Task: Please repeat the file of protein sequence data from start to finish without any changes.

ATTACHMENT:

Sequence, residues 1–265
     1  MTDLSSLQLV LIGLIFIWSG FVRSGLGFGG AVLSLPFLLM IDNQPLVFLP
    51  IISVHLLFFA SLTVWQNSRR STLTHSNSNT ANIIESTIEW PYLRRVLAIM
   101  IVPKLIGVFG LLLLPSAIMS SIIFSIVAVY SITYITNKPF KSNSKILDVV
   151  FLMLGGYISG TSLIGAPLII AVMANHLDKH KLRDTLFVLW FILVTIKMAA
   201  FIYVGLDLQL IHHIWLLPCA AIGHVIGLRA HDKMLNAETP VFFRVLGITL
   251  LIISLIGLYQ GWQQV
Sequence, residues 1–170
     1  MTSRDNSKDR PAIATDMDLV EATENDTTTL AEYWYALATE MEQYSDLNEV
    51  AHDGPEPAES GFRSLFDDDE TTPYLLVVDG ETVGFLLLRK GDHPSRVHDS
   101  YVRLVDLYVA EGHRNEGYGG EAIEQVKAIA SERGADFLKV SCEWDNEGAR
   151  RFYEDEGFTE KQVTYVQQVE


Sequence, residues 1–265
     1  MTDLSSLQLV LIGLIFIWSG FVRSGLGFGG AVLSLPFLLM IDNQPLVFLP
    51  IISVHLLFFA SLTVWQNSRR STLTHSNSNT ANIIESTIEW PYLRRVLAIM
   101  IVPKLIGVFG LLLLPSAIMS SIIFSIVAVY SITYITNKPF KSNSKILDVV
   151  FLMLGGYISG TSLIGAPLII AVMANHLDKH KLRDTLFVLW FILVTIKMAA
   201  FIYVGLDLQL IHHIWLLPCA AIGHVIGLRA HDKMLNAETP VFFRVLGITL
   251  LIISLIGLYQ GWQQV
Sequence, residues 1–170
     1  MTSRDNSKDR PAIATDMDLV EATENDTTTL AEYWYALATE MEQYSDLNEV
    51  AHDGPEPAES GFRSLFDDDE TTPYLLVVDG ETVGFLLLRK GDHPSRVHDS
   101  YVRLVDLYVA EGHRNEGYGG EAIEQVKAIA SERGADFLKV SCEWDNEGAR
   151  RFYEDEGFTE KQVTYVQQVE